Big box stores like Walmart and Target are backing a group called Alliance for Main Street Fairness, which is spearheading efforts to change sales-tax laws in over a dozen states, including Texas and California. Originally organized by mom-and-pop stores, the Alliance now has the backing of Wal-Mart, Target, Best Buy Co., Home Depot Inc. and Sears Holdings Corp.
Their biggest strawman enemy is Amazon, which they characterize as one of the biggest beneficiaries of the 1992 Supreme Court decision, Quill v. North Dakota, which ruled that retailers are exempt from collecting sales taxes in states where they have no physical presence, or "nexus," such as a store, office, or warehouse. This has been the law of the land for nearly two decades now, so it is really the Alliance that is causing the fuss, not Amazon. And of course states, heavily in the red, are desperate for any new source of revenue they can conjure. (We should note that consumers are technically required to file a "use tax" payment in lieu of sales taxes when they make purchases from eCommerce companies without a nexus in the state; don't hold your breath waiting for states to try to enforce that "flip side" of the Supreme Court decision...).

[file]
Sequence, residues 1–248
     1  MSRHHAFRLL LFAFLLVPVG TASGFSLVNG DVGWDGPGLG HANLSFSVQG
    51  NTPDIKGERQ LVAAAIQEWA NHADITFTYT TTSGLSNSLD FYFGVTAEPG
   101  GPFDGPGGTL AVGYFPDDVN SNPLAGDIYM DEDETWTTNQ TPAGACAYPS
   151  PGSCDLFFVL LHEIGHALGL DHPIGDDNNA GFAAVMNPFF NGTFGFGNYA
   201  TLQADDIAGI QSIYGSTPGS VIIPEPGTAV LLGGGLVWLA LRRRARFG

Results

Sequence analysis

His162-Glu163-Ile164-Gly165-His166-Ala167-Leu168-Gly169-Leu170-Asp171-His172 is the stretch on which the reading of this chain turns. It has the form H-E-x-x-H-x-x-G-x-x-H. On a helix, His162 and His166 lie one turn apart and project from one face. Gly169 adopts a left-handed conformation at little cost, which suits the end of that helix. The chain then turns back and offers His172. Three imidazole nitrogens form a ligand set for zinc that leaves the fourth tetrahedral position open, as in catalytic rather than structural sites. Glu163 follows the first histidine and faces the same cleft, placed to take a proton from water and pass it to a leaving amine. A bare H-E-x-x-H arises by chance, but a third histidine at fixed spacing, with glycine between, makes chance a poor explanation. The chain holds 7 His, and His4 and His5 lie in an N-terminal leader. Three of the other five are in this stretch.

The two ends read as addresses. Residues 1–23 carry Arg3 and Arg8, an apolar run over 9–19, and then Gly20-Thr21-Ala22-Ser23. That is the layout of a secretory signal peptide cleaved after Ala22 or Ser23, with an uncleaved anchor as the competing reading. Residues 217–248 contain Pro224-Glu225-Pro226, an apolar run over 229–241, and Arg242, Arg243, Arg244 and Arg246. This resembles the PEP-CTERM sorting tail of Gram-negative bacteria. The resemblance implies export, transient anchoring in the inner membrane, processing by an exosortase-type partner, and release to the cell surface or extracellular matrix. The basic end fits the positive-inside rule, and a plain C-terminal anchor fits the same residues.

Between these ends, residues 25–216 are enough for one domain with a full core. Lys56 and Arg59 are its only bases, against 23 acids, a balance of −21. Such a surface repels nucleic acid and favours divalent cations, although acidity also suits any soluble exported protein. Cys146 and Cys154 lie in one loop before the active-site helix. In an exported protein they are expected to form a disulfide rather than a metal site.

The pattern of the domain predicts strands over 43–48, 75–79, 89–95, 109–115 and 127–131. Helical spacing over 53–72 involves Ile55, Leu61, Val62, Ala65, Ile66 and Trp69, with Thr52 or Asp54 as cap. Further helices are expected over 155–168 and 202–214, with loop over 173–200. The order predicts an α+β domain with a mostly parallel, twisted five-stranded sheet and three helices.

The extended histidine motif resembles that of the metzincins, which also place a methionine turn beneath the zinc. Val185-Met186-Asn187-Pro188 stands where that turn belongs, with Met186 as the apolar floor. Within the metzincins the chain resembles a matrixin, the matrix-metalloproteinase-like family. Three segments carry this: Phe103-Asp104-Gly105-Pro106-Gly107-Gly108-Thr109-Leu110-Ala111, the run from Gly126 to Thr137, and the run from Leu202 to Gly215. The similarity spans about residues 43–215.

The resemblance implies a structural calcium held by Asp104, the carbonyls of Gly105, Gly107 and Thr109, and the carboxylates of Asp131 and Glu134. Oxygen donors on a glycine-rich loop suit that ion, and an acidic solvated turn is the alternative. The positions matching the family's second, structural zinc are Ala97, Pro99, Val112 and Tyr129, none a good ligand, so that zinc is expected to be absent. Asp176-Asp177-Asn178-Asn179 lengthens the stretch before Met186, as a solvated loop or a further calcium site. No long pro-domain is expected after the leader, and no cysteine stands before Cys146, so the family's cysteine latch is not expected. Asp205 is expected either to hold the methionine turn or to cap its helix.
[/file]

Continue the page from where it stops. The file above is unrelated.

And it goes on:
Last October, Texas sent a $269 million bill to Amazon for four years’ worth of taxes, citing Amazon’s Texas warehouse, which is owned by a subsidiary (presumably one that is independent of the parent company). In South Carolina, Gov. Nikki Haley is reconsidering an arrangement by her predecessor to allow Amazon to set up a warehouse in the state but exempt it from collecting sales taxes. After all, the wage taxes paid by employees is a major incentive to the state to forego the sales tax revenue.
Last week, Illinois passed a law forcing online retailers to collect sales tax if they have local affiliates in the state. New York, Rhode Island and North Carolina have adopted similar laws, and New Mexico, Minnesota and Vermont are considering such legislation. After Amazon threatened to terminate its affiliate programs in California and Hawaii, governors in both states vetoed similar bills. The California Legislature is trying again.
Amazon is standing firm, saying it will terminate relationships with affiliates in states that pass laws that contradict Quill V. North Dakota.